We spend a lot of time playing with gadgets at Gizmodo. A lot! Very few actually impress us, but 2016 did deliver some great gear we actually liked. Here are some of our favourite gadgets this year.
Sony Playstation VR
With the launch of the Oculus Rift and HTC Vive, 2016 started out strong as the year virtual reality finally went mainstream, but no headset impressed quite like PlayStation VR—the first that could realistically get a foothold. Compared to more expensive systems, PSVR was easy to set up, relatively cheap, and worked with a console that’s owned by 50 million people. You’ll still get a headache if you play for too long—as with most other systems—but the games are solid and price isn’t bad either. £350
We’ve seen a lot of pet robots over the years—but none were ever as cute or cheap as the $180 (£147) Anki Cozmo. With the help of a couple of Pixar animators, toymaker Anki built a robot with two motorised treads, big engaging eyes, and a tonne of personality. The robot comes with built-in facial recognition, so it knows who it’s playing with. It also has a couple of simple games in which the little bot moves plastic cubes plastic around a table. When Cozmo loses, it throws the blocks around and sulks. Sore loser, huh? $180 (£147)
NES Classic Edition
This year, Nintendo made a splash when it re-released a smaller version of its original NES with 30 classic games built in. Even though the system is miniaturised, the controllers are still full-sized, meaning you’ll now be able to kick arse in Donkey Kong on your huge flatscreen TV. £50
DJI Mavic Pro
The DJI Mavic Pro manages to strike the best balance of any drone we’ve ever used. It’s a great substitute for the more expensive and heavier Phantom 4, and and holds up well even when hit by a strong gust of wind. Its four propellers also fold into the body and its controller folds up too, making it easy to carry around in something like a parka jacket pocket. Plus, and perhaps most importantly, it has an excellent 4K camera and solid in-flight performance. If you’re looking for a great portable drone—this is the one to get. £1,099
After years of waiting, it’s finally here: The most user-friendly smart TV system can finally support 4K video. The Roku Ultra is packed with all of the set-top box system’s classic features, like the ability to set up a custom feed with your favourite TV shows—but it also has the ability to playback 4K and HDR content. Starts at $100, but isn't officially available in the UK. Buying from resellers will cost between £100 and £200.
This year, Google hopes to top the success of the Amazon Echo with its own digital assistant speaker, Google Home. The sound quality is definitively better than the original Echo’s, with the obvious catch that the unit can’t hear voice requests when it’s playing at maximum volume. Google Home currently responds to fewer commands than the Echo, but Google just released the an SDK for the device, meaning third-parties can program new capabilities. $130, up to £200 if you buy from a UK reseller.
What can we say: GoPro still makes the best action camera because it’s simple enough for anyone to use but small enough to go anywhere. This year, GoPro finally released camera that’s waterproof without clunky plastic casing. It also packs in some smart features like automatic bookmarking while recording videos. £249
iPhone 7 and Plus 7
They’re missing a headphone jack, but they’re still among the best phones on the market. The newest iPhones include a bunch of deceptively ambitious technology including a dual-camera (on the 7 Plus), a touch-sensor home button, and both models are finally water resistant. That means you can take great photos even after you drop your phone in the toilet (just be sure to give it a thorough rinse if you do). starts at £599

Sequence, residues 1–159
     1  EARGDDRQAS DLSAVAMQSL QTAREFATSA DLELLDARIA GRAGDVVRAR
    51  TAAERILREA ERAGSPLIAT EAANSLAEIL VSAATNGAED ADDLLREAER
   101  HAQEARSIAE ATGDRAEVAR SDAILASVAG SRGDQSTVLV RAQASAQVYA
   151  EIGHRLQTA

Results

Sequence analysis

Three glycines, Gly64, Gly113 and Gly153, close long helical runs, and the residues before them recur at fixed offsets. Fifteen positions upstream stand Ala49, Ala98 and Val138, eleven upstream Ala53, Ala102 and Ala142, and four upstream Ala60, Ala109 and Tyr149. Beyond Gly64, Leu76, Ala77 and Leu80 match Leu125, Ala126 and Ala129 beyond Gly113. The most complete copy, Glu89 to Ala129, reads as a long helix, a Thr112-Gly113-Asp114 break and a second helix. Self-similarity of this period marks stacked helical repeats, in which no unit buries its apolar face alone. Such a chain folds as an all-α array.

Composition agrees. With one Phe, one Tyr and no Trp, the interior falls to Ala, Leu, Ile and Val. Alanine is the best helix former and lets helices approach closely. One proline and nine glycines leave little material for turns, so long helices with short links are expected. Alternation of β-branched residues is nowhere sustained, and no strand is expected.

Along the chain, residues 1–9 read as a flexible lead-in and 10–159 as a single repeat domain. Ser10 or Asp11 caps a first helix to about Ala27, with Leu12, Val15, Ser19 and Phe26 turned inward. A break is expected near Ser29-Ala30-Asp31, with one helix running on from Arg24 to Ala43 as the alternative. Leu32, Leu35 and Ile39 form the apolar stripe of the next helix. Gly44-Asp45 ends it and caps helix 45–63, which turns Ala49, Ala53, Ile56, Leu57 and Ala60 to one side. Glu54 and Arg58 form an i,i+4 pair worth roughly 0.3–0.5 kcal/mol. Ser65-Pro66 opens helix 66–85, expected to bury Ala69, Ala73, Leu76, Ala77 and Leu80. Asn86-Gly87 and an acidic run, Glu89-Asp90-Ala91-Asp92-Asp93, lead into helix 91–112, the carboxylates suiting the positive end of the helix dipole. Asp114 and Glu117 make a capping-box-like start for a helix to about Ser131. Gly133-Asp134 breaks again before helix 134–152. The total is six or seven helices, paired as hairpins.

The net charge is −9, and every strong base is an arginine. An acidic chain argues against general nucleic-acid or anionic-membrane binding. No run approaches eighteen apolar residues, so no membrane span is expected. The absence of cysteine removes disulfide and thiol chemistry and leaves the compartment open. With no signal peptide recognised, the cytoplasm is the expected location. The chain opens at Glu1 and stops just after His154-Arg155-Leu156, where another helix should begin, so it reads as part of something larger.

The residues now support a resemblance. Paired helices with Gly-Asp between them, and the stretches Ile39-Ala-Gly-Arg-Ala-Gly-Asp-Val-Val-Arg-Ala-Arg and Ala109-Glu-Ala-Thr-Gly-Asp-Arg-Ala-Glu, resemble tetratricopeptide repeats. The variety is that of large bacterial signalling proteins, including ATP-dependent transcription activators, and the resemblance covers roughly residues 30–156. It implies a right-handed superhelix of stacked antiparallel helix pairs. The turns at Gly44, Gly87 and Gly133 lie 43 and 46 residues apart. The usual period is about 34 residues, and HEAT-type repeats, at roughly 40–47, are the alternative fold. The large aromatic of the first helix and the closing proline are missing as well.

Bowers & Wilkins’ P7 Wireless
Wireless Bluetooth headphones get a bad wrap for having short battery life and sacrificing sound quality. Not the P7s. These headphones get a ridiculous range out of their drivers and the 17-hour battery life is plenty enough for a full day of work or a super long flight. The P7s also come with the classic look of B&W’s other wireless headphones, so you don’t have to worry about looking like a dweeb with a pair of overpriced phones. £319
Amazon Echo Dot
For a long time, the Echo Dot was only available to Amazon Echo owners. Not anymore. Now, anyone can buy one. The Dot lets you outfit your existing speaker setup with the same artificial intelligence that the Echo uses, meaning your home cinema can also be your personal digital assistant. At its heart, the Dot has the same seven-microphone array that was in the original Echo, so it hears your requests when you belt them out from across the house. It also works with all of the smart home stuff and apps that have been built for Amazon’s Alexa virtual assistant. £50
Bose QuietComfort 35 Bluetooth headphones
You can walk into basically any airport and see a pair of Bose headphones within a few minutes. There’s a good reason for that: The company’s noise cancelling headphones have been preferred by travellers for years now, and the company just released a new and improved wireless version. The sound quality on the headphones is still solid, and though they’re not as great-sounding as the Bowers & Wilkins P7s, the 20-hour battery life is one of the longest available and the fact that they collapse into a small burrito-sized package is a nice touch. £290
Asus made a solid pitch for its own Zenbook PCs this year when it built a laptop that matches the MacBook in weight and thickness. Price varies depending on the processor, but the cheapest model packs in an Intel i5 processor—more power than the MacBook for less money. starts at £900.